WASHINGTON: The US is pressing India to stop buying Venezuelan oil that is a major source of revenue for Venezuelan President Nicolas Maduro’s government, Washington’s top envoy for Venezuela said, as the Trump administration this week threatened more US sanctions to cut off Maduro’s financial lifelines.
“We say you should not be helping this regime, you should be on the side of the Venezuelan people,” Elliott Abrams told Reuters in an interview.
The Trump administration has given the same message to other governments, Abrams said, and has made a similar argument to foreign banks and private companies doing business with the Maduro government.
Abrams described the US approach as “arguing, cajoling, urging.”
The pressure on India comes as the US and its regional allies, who back Venezuelan opposition leader Juan Guaido, threaten more sanctions to cut off revenue streams to Maduro’s government and force him to step down.
Washington views Guaido as Venezuela’s legitimate leader and has imposed sanctions on the country’s oil sector and announced asset freezes and travel bans targeting top government officials.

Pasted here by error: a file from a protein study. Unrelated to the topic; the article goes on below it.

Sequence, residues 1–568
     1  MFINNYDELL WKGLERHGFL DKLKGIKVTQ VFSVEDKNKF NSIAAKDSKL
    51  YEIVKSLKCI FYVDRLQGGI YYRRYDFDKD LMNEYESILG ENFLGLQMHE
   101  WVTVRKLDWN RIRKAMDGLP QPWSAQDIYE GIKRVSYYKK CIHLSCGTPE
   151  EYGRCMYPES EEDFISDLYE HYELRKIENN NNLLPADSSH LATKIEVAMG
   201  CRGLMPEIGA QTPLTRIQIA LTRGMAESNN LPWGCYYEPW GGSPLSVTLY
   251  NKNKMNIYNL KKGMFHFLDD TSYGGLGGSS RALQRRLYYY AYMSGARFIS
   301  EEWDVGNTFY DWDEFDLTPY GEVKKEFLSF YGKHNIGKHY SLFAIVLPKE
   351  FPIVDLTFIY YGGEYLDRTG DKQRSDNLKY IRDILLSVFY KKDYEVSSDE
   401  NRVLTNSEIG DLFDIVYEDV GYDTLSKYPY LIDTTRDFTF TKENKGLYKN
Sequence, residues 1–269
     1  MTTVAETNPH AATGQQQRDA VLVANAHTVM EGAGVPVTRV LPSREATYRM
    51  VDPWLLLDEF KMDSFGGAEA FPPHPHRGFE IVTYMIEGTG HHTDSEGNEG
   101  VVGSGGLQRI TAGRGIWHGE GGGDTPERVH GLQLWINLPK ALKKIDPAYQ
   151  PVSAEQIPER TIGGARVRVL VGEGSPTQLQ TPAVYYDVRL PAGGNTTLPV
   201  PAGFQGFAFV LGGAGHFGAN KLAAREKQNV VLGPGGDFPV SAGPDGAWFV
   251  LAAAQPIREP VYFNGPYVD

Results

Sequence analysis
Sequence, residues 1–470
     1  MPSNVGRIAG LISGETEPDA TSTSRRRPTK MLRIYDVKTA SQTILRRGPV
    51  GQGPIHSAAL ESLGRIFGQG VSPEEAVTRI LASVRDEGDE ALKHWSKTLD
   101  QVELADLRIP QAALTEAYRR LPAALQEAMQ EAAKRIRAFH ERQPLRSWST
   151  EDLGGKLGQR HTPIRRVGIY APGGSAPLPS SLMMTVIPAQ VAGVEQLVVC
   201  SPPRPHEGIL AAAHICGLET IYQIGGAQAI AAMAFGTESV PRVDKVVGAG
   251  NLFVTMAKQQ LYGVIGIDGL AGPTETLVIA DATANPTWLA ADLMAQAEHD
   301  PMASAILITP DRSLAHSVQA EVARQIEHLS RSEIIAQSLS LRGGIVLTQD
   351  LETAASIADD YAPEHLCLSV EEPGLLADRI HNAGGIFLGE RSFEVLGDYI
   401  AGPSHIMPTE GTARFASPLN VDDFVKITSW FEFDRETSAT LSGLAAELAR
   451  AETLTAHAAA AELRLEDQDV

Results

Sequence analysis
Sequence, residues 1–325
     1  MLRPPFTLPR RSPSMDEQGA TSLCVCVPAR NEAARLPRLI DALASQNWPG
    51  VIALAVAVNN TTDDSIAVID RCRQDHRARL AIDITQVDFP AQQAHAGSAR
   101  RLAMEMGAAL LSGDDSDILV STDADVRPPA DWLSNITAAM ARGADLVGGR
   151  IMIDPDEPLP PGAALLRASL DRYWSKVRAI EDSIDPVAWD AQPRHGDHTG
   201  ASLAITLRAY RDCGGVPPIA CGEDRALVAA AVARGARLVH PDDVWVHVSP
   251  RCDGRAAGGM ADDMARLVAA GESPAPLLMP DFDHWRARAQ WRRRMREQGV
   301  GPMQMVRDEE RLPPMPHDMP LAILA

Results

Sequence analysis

The Indian market is crucial for Venezuela’s economy because it has historically been the second-largest cash-paying customer for the Opec (Organization of the Petroleum Exporting Countries) country’s crude, behind the US, which through sanctions against Maduro has handed control of much of that revenue to Guaido.
Oil shipments to China, Venezuela’s other major importer, do not generate cash because they go to pay off billions of dollars in loans made to Caracas by Beijing.
The talks over Venezuela come as trade tensions rise between Washington and New Delhi, and when the US is also pushing India to cease buying Iranian oil.
The US is planning to end preferential trade treatment for India that allows duty-free entry for up to $5.6 billion worth of its exports to the US. US sanctions typically block American firms from doing business with specific foreign governments or companies.
Seeking to prevent Indian purchases of Venezuelan crude would be part of a strategy known as “secondary sanctions,” in whichWashingtonappliespenalties to companies not based in the US.
That strategy, and even the threat of using it, was vital in Washington’s pressure campaign to cut off revenue to Iran, which eventually helped force Tehran to negotiate a nuclear deal with six world powers in 2015.